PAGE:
The court granted the applicant’s application for an order to restrain the respondent from presenting a winding up petition. This was on the basis that the applicant had a genuine cross-claim which exceeded the sum demanded.
It was held that the applicant had met the minimum evidential threshold to establish a genuine, strongly arguable cross-claim in contract and misrepresentation. The court rejected the respondent’s proposition that evidence of cross claims had been raised to stave off winding up proceedings.
The applicant provided electrical services to a sub-contractor employed by the main contractor on building projects. The respondent was an agency sourcing and supplying vetted labourers.
The respondent and applicant worked on two building projects together. The applicant did not have enough electrically qualified operatives, so the respondent agreed to offer additional operatives on an agency basis.
There was a dispute between the parties. The respondent demanded payment for unpaid invoices and issued a statutory demand in February 2023 in the sum of £16,889.25. The applicant responded, claiming that the sums demanded by the respondent did not accurately reflect the hours worked by agency staff and that some of the work was defective due to the operatives not being qualified as they should have been under the contract.
The applicant sought an injunction preventing the presentation of a winding-up petition and in its evidence in reply the applicant changed its position to state that the debt was largely disputed, and any undisputed sum was insignificant compared to the cross-claims in respect of under-qualified operatives.
The respondent accepted the debt was disputed, however argued the cross-claims did not meet the minimum evidential threshold to show that the applicant had real prospects of success.
Although the applicant put forward its cross-claims as evidence in reply, the court found that it would not be legitimate to infer from the timing of the evidence that the cross-claims were put forward in bad faith, as a pretext to stave off winding up proceedings.
The letter sent by the applicant to the respondent had referred to a cross-claim before the applicant issued the injunction application.
The court held that it was clear why the applicant initially focussed on over-charging. This was readily accessible and at the outset it appeared the debt was entirely disputed arithmetically which would result in a nil balance in favour of the applicant and removed the issue of addressing the cross-claims.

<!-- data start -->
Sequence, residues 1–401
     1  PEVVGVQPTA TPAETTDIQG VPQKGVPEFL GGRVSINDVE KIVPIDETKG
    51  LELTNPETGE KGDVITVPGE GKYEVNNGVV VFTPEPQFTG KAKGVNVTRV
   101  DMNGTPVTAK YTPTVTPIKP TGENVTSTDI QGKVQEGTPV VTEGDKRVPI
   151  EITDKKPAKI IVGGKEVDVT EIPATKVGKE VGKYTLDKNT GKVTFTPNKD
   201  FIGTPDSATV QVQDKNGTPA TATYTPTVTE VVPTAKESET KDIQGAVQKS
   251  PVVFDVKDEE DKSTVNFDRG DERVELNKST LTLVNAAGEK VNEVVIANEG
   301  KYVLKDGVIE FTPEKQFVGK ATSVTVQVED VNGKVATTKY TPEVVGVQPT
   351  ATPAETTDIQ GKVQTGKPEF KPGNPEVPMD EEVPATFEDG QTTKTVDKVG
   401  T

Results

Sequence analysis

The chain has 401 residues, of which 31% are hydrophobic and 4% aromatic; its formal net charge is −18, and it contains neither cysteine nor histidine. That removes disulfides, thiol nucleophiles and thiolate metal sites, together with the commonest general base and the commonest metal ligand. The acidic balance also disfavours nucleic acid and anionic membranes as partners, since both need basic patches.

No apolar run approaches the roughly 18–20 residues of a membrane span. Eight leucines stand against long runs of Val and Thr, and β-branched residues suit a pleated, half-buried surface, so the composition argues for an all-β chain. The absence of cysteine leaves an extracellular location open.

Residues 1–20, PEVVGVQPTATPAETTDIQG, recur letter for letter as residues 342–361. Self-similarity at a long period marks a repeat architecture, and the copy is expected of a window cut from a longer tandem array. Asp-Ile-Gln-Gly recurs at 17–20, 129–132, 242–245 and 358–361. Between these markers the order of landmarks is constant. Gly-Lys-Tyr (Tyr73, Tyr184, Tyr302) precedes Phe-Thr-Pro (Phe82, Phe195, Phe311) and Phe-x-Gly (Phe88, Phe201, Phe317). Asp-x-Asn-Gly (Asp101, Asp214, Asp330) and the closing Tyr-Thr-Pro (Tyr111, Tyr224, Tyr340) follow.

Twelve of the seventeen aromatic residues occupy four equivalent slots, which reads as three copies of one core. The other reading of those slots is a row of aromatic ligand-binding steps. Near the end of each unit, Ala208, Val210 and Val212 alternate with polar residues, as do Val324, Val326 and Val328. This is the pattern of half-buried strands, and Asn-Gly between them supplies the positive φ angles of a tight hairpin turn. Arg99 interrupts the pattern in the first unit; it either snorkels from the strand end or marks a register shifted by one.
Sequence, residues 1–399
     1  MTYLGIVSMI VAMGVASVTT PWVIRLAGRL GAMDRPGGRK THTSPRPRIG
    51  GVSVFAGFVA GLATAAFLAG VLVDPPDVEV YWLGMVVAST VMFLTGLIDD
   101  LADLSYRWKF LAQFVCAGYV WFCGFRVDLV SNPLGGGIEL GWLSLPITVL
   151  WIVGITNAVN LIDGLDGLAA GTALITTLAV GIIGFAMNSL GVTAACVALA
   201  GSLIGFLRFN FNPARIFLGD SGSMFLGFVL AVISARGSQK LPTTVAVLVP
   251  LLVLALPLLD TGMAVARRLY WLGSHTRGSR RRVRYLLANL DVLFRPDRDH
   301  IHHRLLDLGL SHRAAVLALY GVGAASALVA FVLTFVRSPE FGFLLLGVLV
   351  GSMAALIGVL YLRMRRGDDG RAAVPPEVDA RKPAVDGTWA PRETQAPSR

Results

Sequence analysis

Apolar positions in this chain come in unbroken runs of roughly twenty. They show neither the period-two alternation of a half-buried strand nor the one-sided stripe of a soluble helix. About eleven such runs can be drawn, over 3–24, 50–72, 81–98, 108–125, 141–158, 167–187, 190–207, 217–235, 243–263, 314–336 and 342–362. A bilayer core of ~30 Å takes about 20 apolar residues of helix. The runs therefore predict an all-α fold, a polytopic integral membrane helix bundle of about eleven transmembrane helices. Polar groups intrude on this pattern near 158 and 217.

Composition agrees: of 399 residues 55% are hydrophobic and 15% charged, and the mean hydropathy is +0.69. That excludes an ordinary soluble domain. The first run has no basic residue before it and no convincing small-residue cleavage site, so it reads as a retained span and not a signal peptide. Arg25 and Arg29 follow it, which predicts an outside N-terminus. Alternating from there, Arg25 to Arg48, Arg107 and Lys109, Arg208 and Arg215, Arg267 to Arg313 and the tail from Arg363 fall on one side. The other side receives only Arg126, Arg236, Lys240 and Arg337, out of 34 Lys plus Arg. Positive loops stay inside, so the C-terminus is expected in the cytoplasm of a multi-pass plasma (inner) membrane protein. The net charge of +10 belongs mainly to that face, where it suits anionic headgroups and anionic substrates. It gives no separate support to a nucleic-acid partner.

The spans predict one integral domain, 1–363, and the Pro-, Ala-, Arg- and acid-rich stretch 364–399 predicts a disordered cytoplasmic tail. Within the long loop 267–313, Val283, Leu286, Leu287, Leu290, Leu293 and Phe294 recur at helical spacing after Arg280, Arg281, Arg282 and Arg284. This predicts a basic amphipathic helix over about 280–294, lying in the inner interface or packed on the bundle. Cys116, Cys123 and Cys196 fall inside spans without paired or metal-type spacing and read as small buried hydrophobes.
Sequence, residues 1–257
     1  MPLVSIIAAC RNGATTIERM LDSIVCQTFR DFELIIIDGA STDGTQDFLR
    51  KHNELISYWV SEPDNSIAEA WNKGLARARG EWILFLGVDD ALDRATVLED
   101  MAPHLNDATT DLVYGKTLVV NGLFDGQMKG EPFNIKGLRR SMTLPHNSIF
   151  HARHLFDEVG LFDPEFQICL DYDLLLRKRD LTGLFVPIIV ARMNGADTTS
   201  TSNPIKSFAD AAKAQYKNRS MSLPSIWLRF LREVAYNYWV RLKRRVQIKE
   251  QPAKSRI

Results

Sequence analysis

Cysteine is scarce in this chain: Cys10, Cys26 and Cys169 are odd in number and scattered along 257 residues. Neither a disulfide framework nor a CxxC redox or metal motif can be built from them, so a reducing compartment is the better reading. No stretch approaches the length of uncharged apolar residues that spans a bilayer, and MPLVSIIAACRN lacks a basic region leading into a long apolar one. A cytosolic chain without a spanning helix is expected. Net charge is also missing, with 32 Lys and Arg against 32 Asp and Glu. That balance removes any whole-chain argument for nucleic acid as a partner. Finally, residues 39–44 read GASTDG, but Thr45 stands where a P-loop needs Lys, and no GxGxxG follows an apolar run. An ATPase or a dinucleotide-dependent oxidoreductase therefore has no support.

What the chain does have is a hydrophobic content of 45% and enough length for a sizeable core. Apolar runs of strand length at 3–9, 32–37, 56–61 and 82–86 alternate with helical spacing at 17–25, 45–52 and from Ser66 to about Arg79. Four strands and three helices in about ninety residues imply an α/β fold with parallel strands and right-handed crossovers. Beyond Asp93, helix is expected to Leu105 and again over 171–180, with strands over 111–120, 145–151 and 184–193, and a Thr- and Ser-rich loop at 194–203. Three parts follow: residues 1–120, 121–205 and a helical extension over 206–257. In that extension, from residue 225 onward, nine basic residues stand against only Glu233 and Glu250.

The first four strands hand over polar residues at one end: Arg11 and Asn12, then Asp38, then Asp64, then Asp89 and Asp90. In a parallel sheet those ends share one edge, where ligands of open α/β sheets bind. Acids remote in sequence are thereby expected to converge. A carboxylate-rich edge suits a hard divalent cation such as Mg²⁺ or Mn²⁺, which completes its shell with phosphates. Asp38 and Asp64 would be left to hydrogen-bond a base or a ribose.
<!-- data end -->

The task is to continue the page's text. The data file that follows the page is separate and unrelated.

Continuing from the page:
The applicant was missing evidence for a cross-claim in relation to breach of contract or misrepresentation. Evidence that several operatives provided by the respondent were underqualified was only given by the respondent in its response to the application.
Minimum evidential threshold
The judge concluded that the evidence crossed the minimum evidential threshold as the applicant had provided evidence which showed real prospects of success.
The applicant had not exhibited records in support of the managing director’s claim that it was the respondent’s operatives who were responsible for the electrical defective works at the projects. However, the court held that his written testimony was not manifestly incredible nor inherently implausible or contradicted by any documents in evidence.
However, the managing director’s statement also had photos of the defective works. The judge also considered the respondent’s ‘long-standing reluctance’ to disclose evidence of the qualifications of its operatives, even though the applicant had repeatedly asked for this.
Respondents should try to resolve issues with a company without relying on taking it to court in relation to a statutory demand.
The respondent ignored the correspondence before the statutory demand and after the without notice interim injunction was granted.
The respondent declined an open offer to accept an undertaking not to present and a modest contribution to the applicant’s costs. This contributed towards the award of indemnity of costs against the respondent.
The judge provided a useful summary of the applicable legal principles. For example, delay in issuing a cross-claim may lead to an inference that it is not put forward in good faith, but only as a pretext in order to stave off insolvency proceedings. If a delay is alleged the reasons need to be analysed.
The nature and extent of evidence put before the court in order to cross the minimum evidential threshold for a cross-claim should be considered. Written testimony may be sufficient, even if there may be corroborating documentary evidence, as long as it is not manifestly incredible or inherently implausible.